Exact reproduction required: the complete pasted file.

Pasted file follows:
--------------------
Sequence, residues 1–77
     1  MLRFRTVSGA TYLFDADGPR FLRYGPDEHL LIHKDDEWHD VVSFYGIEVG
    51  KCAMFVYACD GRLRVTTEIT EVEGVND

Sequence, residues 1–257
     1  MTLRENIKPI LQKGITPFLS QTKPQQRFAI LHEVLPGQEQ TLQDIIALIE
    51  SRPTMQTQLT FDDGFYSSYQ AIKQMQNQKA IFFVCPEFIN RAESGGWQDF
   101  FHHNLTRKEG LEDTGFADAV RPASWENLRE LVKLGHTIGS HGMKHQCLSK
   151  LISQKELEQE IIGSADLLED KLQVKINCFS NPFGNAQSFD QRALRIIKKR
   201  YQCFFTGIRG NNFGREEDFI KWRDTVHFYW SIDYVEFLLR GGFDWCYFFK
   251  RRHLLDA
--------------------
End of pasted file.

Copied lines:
Sequence, residues 1–77
     1  MLRFRTVSGA TYLFDADGPR FLRYGPDEHL LIHKDDEWHD VVSFYGIEVG
    51  KCAMFVYACD GRLRVTTEIT EVEGVND

Sequence, residues 1–257
     1  MTLRENIKPI LQKGITPFLS QTKPQQRFAI LHEVLPGQEQ TLQDIIALIE
    51  SRPTMQTQLT FDDGFYSSYQ AIKQMQNQKA IFFVCPEFIN RAESGGWQDF
   101  FHHNLTRKEG LEDTGFADAV RPASWENLRE LVKLGHTIGS HGMKHQCLSK
   151  LISQKELEQE IIGSADLLED KLQVKINCFS NPFGNAQSFD QRALRIIKKR
   201  YQCFFTGIRG NNFGREEDFI KWRDTVHFYW SIDYVEFLLR GGFDWCYFFK
   251  RRHLLDA